Samuel Tombs has more than a decade of experience covering the U.K. economy for investors. At Pantheon, Samuel's research is rigorous, free of dogma and jargon, and unafraid to challenge consensus views. His work focuses on what matters to professional investors: The links between the real economy, monetary policy and asset prices. He has a strong track record of getting the big calls right. The Sunday Times ranked Samuel as the most accurate forecaster of the U.K. economy in both 2014 and 2018. In addition, Bloomberg consistently has ranked Samuel as one of the top three U.K. forecasters, out of pool of 35 economists, throughout 2018 and 2019. His in-depth knowledge of market-moving data and his forensic forecasting approach explain why he consistently beats the consensus. Samuel's work on Brexit goes beyond simply reporting developments and is always analytical and unbiased, enabling investors to see through the noise of the daily headlines. While his analysis points to a particular path that politicians will take, he acknowledges the inherent uncertainty and draws out the economic and financial market implications of all plausible Brexit scenarios. Samuel holds an MSc in Economics from Birkbeck College, University of London and an undergraduate degree in History and Economics from the University of Oxford. Prior to joining Pantheon in 2015, he was Senior U.K. Economist at Capital Economics. In 2011, Samuel won the Society of Business Economists' prestigious Rybczynski Prize for an article on quantitative easing in the UK. He is based in London but frequently visits our other offices. Recent key calls include: 2018 - Correctly forecast that GDP growth would slow and inflation would undershoot the MPC's initial forecast, prompting the Committee to shock investors and almost other economists by waiting until August to raise Bank Rate, rather than pressing ahead in May. 2017 - Argued that the MPC was wrong to expect CPI inflation to stay below 3% following sterling's depreciation. He also highlighted that economic indicators pointed to the Conservatives losing their outright majority in the snap general election.
Japan's Ministry of Finance yesterday admitted falsifying documents submitted to the country's parliament during a corruption probe last year.
It's hard to find anything to dislike in the February employment report.
Car registrations, French inflation, advance PMIs and a central bank meeting make up today's substantial menu for investors in the euro area.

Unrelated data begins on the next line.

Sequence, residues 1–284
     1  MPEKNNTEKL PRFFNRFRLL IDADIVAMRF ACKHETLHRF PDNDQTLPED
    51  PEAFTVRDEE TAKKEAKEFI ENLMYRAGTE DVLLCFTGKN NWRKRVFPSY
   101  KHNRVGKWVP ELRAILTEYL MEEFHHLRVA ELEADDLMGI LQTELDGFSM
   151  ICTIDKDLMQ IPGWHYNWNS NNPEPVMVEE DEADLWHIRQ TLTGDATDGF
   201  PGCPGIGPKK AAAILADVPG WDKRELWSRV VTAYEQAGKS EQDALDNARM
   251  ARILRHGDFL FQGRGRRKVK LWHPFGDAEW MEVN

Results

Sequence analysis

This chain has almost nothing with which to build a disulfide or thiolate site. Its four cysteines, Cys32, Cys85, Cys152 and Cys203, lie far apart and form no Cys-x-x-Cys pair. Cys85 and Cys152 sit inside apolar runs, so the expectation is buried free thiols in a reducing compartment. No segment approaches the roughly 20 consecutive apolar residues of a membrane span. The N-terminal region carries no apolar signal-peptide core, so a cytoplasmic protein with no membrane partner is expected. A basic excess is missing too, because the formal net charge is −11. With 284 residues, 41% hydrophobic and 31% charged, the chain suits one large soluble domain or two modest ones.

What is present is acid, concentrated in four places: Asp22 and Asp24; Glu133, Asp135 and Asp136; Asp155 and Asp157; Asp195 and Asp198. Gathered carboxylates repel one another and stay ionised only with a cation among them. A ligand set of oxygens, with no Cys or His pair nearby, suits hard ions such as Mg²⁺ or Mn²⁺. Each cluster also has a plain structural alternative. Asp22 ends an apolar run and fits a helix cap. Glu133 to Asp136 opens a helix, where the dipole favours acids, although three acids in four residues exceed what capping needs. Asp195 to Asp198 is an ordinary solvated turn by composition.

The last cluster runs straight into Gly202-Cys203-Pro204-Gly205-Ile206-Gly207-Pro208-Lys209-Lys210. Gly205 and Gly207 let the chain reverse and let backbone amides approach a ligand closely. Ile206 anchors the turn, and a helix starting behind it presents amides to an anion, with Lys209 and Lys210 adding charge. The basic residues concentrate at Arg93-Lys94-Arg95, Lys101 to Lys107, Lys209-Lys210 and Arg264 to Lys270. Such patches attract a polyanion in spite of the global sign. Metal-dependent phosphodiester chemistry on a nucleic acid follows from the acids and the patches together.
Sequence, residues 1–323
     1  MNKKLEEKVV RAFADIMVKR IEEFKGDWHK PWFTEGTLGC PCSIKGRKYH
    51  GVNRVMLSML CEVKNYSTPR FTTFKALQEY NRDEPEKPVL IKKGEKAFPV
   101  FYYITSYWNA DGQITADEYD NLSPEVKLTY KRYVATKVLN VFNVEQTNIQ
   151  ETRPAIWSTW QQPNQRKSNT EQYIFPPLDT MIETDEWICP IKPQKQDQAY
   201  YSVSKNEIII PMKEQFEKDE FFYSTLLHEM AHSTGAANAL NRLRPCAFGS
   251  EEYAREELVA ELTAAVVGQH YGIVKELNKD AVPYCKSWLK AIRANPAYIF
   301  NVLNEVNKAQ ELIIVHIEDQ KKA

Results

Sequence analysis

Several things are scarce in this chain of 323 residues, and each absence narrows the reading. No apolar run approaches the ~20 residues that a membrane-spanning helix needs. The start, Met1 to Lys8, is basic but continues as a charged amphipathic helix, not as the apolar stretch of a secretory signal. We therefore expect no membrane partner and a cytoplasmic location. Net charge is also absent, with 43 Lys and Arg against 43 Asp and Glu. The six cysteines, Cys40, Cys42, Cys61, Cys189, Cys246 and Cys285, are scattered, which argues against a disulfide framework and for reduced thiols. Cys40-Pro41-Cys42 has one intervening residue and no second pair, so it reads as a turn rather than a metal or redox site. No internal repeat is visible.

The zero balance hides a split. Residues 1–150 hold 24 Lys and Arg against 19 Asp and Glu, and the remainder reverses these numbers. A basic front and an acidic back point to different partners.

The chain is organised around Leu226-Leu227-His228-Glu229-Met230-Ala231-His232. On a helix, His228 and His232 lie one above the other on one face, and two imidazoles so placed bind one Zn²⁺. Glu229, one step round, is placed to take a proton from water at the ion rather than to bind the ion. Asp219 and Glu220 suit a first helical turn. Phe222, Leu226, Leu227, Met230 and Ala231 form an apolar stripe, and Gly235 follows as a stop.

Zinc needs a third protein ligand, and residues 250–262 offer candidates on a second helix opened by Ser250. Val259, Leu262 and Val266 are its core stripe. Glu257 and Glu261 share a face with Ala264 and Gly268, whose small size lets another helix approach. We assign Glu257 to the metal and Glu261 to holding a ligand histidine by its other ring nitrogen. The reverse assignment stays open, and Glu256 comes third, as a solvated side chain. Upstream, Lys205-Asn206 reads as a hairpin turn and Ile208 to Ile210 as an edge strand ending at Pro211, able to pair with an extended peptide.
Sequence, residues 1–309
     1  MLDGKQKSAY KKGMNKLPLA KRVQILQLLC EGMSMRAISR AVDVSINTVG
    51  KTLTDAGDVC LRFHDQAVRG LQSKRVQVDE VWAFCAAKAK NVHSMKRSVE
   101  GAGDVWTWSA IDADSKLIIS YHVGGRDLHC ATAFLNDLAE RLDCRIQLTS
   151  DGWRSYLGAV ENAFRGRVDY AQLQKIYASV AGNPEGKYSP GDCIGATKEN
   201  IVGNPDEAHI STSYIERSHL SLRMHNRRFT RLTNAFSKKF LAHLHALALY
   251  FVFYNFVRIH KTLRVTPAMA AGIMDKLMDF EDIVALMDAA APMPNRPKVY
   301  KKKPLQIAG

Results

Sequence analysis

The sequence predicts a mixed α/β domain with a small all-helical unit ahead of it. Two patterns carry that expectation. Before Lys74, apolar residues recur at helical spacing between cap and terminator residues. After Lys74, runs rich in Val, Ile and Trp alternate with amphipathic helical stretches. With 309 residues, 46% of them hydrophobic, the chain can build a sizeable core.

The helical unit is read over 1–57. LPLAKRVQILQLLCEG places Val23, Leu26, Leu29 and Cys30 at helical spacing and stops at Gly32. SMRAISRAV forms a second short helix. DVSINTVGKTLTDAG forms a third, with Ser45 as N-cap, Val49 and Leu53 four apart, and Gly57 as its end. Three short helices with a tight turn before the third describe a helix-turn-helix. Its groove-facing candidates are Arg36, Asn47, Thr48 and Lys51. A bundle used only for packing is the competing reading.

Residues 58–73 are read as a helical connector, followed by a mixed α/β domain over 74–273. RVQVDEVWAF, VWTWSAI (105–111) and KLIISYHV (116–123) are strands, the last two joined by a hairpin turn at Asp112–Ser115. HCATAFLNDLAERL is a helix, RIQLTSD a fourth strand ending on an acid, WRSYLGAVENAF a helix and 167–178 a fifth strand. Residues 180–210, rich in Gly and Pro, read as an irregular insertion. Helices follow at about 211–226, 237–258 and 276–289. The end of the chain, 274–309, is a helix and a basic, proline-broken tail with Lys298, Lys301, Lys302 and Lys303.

The benchmark MSCI EU ex-UK equity index was down a startling 17% year-over-year at the end of February. A disappointing policy package from the ECB in December initially put Eurozone equities on the back foot, and the awful start to the year for global risk assets has since piled on the misery.
Ian Shepherdson, Pantheon Macroeconomics, and Erik Knutzen, Neuberger Berman, provide insight to the markets ahead of the FOMC meeting.
The coronavirus outbreak and its associated movements in asset prices have radically changed the outlook for CPI inflation, which ultimately the MPC is tasked with targeting.
Evidence that U.K. asset prices still are depressed by Brexit risk has become harder to find.
The Brazilian presidential election has remained in the spotlight in recent days and is the main driver of asset price volatility.
Federal Reserve Chair Janet Yellen's testimony this week reinforced our view that the first U.S. rate hike will be in June. The transition to higher U.S. rates will require an unpleasant adjustment in asset prices in some LatAm countries.
A long period of extremely accommodative U.S. monetary policy generated sizable capital inflows and asset price appreciation in EM countries.
Investors will have to keep their wits about them following the close of polls at 22:00 BST on Thursday. Sterling and other asset prices will move sharply when the likely result of the U.K.'s E.U. referendum is discernible, but exactly when that point will come during the night is uncertain.
We doubt there will ever be a fail-safe leading indicator of when a recession is about to hit, but asset prices can help us to assess the risks, at least.
Comments by Mr. Draghi in Washington last week point to a high bar for an adjustment to the QE program. The ECB president noted that while asset purchases and negative interest rates have driven a notable improvement in confidence and asset prices, the real key to the central bank's policies' success is a lasting boost to investment, consumption and inflation.